Va’yichulu ha’shamayim va’ha’aretz v’chol tziva’am.

Va’yichal Elohim ba’yom ha’shivi’i milachto asher asah va’yishbot ba’yom ha’shivi’i mi’kol milachto asher asah

Va’yivarech Elohim et yom ha’shivi’i va’yikadesh oto ki vo shavat mi’kol melachto asher bara Elohim la’asot

Savri chaverai:

Baruch Atah Adonai Eloheinu Melech ha’olam borei p’ri ha’gafen Amen

Baruch Atah Adonai Eloheinu Melech ha’olam asher bachar banu mi’kol am v’rom’manu mi’kol lashon v’kidshanu b’mitzvotav Va’titen lanu Adonai Eloheinu b’ahavah Shabbatot limnucha u’moadim l’simchah chagim uz’manim li’sason et yom ha’Shabbat ha’zeh v’et yom Chag ha’Matzot ha’zeh zman cheiruteinu b’ahavah mikra kodesh zecher litziat Mitzrayim ki vanu vacharta v’otanu kidashta mi’kol ha’amim v’Shabbat u’moadei kodshecha b’ahavah uv’ratzon b’simchah uv’sason hin’chaltanu. Baruch Atah Adonai mikadesh ha’Shabbat v’Yisrael v’ha’zmanim. Amen.

Conclude with Shechecheyanu:

.הזה ןמזל ונעיגהו ונמיקו וניחהש םלועה ךלמ וניהלא יי התא ךורב

Baruch Atah Adonai Eloheinu Melech ha’olam shehecheyanu v’kiyamanu v’higianu lazman ha’zeh.

From here, the meal continues at your own pace. The unleavened matzah, which is uncovered and blessed during motzi, replaces challah at your table.



.ןפגה ירפ ארוב םלועה ךלמ וניהלא יי התא ךורב

.םינמזהו לארשיו תבשה שדקמ יי התא ךורב

Baruch Atah Adonai Eloheinu Melech ha'olam borei p'ri ha'gafen

Baruch Atah Adonai mikadesh ha'Shabbat v'Yisrael v'hazmanim.

Blessed is the creator of the fruit of the vine.

Blessed is the One who sanctifies Shabbat, the people Israel, and the festive seasons.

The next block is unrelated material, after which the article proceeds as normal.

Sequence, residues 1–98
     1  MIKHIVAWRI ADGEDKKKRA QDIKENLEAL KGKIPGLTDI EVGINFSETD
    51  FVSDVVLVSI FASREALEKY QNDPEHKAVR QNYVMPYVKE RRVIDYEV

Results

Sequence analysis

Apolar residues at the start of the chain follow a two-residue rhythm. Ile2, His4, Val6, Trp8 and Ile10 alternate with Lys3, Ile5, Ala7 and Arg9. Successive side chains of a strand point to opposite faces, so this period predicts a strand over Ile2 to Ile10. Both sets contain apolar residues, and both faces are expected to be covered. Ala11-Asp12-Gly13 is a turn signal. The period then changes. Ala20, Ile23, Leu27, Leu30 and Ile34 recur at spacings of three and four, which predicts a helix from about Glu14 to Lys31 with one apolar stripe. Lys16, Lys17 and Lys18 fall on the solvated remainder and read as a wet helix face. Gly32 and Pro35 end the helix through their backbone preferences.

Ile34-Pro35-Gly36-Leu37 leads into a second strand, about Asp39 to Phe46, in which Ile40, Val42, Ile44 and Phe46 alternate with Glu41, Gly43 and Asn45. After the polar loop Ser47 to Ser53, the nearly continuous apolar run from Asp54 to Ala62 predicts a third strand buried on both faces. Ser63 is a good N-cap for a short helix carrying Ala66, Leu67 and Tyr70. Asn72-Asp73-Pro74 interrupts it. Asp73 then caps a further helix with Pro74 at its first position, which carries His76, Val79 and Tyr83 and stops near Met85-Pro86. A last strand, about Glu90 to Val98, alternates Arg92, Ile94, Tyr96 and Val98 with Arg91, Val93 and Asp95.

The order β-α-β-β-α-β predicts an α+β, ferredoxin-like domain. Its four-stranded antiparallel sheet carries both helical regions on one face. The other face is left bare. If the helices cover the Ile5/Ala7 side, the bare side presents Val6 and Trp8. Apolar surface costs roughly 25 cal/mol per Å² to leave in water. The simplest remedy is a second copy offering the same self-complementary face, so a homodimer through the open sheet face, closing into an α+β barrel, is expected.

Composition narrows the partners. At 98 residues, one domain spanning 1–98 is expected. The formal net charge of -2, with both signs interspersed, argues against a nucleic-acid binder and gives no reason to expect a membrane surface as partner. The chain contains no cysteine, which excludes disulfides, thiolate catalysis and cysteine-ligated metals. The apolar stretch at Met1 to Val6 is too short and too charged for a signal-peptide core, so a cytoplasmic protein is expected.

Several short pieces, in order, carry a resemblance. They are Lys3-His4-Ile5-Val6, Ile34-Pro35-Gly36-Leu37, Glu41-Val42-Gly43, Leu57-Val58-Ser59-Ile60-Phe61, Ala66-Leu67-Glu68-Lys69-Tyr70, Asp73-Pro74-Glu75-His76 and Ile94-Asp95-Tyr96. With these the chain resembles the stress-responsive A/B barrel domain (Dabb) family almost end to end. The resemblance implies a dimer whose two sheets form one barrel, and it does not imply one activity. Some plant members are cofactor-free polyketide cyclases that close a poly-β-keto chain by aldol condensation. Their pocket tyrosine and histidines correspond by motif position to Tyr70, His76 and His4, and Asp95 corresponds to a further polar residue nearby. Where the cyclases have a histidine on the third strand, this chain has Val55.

The Shehecheyanu is recited when you experience something for the first time each year and want to give thanks for the moment.

Conclude with Shechecheyanu:

.הזה ןמזל ונעיגהו ונמיקו וניחהש םלועה ךלמ וניהלא יי התא ךורב

Baruch Atah Adonai Eloheinu Melech ha’olam shehecheyanu v’kiyamanu v’higianu lazman ha’zeh

Blessed are You, Infinite One, who sustains us, lifts us up, and enables us to reach this season.

From here, the meal continues at your own pace. The unleavened matzah, which is uncovered and blessed during motzi, replaces challah at your table.



Blessing matzah (the unleavened bread that replaces challah this week) is a way to acknowledge our interconnectedness, our dependence on each other for the necessities that enrich our daily lives.

יצומה םלועה ךלמ וניהלא יי התא ךורב

.ץראה ןמ םחל

Baruch Atah Adonai Eloheinu melech ha’olam ha’motzi lechem min ha’aretz.

Blessed is the One who brings forth bread from the earth.



V’achalta v ’savata u ’varachta.

When you have eaten and are satisfied, bless.

Deuteronomy 8:10

It’s a remarkable thing that Jewish tradition seeks to inspire us to be present before we eat, and all the more so that we are then directed to acknowledge our gratitude after we eat, not for the food itself, but for the incredible feeling of being full. At this time, perhaps more than any other, the notion of being sated is powerful. What does it mean to truly be fulfilled? In Hebrew, the root of the word for fulfillment to be whole, to be complete is shalem, the same as the root for the word shalom which means peace. May we find peace, a whole and complete peace. May we be fulfilled, not only by our food, but by our family and friends no matter how far they feel, and by our actions and our words. Brich rachamana malka d’alma marei d’hai pita.

We are blessed with compassion by the One who sustains us with bread.

אתיפ יאהד הירמ אמלעד אכלמ אנמחר ךירב ONETABLE.ORG | @ONETABLESHABBAT

Ma Nishtanah 5784